- Executive Office of Elder Affairs
- Office of Consumer Affairs and Business Regulation
- Division of Banks
- Middlesex District Attorney Marian Ryan
Media Contact for Office of Consumer Affairs and Business Regulation, Executive Office of Elder Affairs, Middlesex County District Attorney and Division of Banks Lead Collaborative Effort to Combat Elder Financial Exploitation
Chris Goetcheus, Communications Director
Boston, MA — The Office of Consumer Affairs and Business Regulation, the Executive Office of Elder Affairs, the Office of the Middlesex County District Attorney, and the Division of Banks hosted a briefing and leadership forum on elder financial abuse to educate Massachusetts residents on how to identify and prevent elder financial abuse. Individuals over the age of sixty (60) comprise the most rapidly growing segment of our population and are particularly vulnerable to financial exploitation and abuse.
“It is crucial for relatives, caregivers, financial institutions, and law enforcement to recognize the signs of financial exploitation,” said Consumer Affairs Undersecretary John Chapman. “Elders are a common target for scams and abuse and may not be aware that it is occurring or may be reluctant to report it. The goal of today’s forum was to educate various members of our communities on the many ways elder financial abuse can occur and what indicators they should be on the lookout for in order to spot it.”
“Financial fraud and exploitation can lead to devastating consequences for older people and it is a growing public health concern as our population ages,” said Secretary of Elder Affairs Alice Bonner. “We can all do something to protect ourselves, those we love and our communities from the impact of financial abuse and exploitation. Raising awareness is the first step in prevention and that’s why events like this are so important.”
According to the National Adult Protective Services Association only one in 44 cases of financial abuse are reported. Those committing the crimes are most often people close to elders, such as family members or caregivers.
“Education is the best tool to ensure that law enforcement officials, government and banking representatives and elder services organizations have the most up to date information to protect our seniors. Through multi-agency cooperation we work to not only prevent these types of crimes, but more importantly to foster a sense of community and trust that encourages seniors to reach out in the event they feel they may have been the victim of financial abuse,” said Middlesex District Attorney Marian Ryan.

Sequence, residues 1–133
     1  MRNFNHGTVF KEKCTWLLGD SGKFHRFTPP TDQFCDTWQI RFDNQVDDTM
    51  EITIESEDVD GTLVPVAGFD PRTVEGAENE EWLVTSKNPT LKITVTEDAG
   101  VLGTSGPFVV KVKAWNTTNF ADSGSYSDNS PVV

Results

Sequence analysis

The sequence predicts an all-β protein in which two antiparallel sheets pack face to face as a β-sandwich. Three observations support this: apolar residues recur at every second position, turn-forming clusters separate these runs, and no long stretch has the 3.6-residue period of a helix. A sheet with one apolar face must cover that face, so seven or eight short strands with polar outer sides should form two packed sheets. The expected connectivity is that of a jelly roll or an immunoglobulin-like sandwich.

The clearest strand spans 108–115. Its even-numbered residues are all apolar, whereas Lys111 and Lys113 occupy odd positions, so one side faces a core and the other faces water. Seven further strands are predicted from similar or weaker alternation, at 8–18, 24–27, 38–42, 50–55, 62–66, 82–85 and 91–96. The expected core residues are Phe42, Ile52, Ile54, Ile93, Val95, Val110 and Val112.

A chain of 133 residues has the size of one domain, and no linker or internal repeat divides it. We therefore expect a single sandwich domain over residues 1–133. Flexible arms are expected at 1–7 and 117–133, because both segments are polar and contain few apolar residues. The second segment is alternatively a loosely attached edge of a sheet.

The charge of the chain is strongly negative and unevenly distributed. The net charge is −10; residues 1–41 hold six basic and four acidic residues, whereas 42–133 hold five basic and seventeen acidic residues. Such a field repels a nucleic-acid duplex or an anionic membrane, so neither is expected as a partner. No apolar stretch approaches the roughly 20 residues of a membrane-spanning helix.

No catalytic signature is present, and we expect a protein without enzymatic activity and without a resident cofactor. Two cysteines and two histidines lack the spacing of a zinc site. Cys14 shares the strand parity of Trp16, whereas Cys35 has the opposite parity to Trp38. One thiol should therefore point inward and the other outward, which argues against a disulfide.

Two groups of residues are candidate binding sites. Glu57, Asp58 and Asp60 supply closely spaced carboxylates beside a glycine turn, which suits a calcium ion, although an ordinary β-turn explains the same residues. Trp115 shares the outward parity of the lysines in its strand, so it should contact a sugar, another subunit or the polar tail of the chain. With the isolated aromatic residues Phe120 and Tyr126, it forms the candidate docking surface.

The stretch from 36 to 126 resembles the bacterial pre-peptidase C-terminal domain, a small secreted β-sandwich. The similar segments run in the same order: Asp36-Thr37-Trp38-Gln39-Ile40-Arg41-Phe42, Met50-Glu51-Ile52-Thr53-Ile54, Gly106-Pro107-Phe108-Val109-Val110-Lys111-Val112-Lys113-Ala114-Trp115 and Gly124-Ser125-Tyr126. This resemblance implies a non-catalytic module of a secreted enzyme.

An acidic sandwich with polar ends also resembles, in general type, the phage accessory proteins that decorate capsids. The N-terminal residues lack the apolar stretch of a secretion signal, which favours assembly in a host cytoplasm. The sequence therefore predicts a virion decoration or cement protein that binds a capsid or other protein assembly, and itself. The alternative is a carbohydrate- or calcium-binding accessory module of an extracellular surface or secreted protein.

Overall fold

The Executive Office of Elder Affairs and the Division of Banks, in collaboration with the Office of the Attorney General, Massachusetts Bankers Association, and the Cooperative Credit Union Association, also led an update and re-launch of comprehensive compilation of training materials to assist Massachusetts banks and credit unions in detecting and preventing elder financial abuse.
“Bank and credit union employee awareness is the key to detecting financial exploitation,” said Division of Banks Commissioner Terence McGinnis. “These training materials provide bank tellers and other front line staff with important information about how to recognize the warning signs of potential elder financial abuse.”
Financial institutions are advised to designate a point person responsible for handling suspected financial exploitation working with the state’s various protective service agencies or law enforcement.
Some Typical Signs of Elder Financial Abuse Risk Include:
• Unusual account activity including large withdrawals and increased ATM usage.
• Adding a co-signer to an elder’s account.
• Attempts by a third party to access an elder’s account to make withdrawals.
• Requests made to elder for forms to be notarized.
• Closing of Certificate of Deposit accounts without regard to penalties.
• The appearance of forged or suspicious signatures.
• Attempts to wire transfer large sums of money.
• Sudden changes made to wills.
• Unpaid bills or notices of utility shut-offs or eviction.
• Family, friends or caregivers taking unanticipated interest in an elder’s finances.
• Explanations by elder of solicitations that sound too good to be true.
• Increased confusion about or reluctance to discuss banking and financial matters.
More information on bank and credit union training manuals and financial reporting requirement can be found on the Division of Banks’ website https://www.mass.gov/reporting-elder-financial-abuse-fraud.
More information about how to report Elder Abuse can be found on the Executive Office of Elder Affairs website https://www.mass.gov/report-elder-abuse or by contacting the Commonwealth’s Elder Abuse Hotline at 800-922-2275.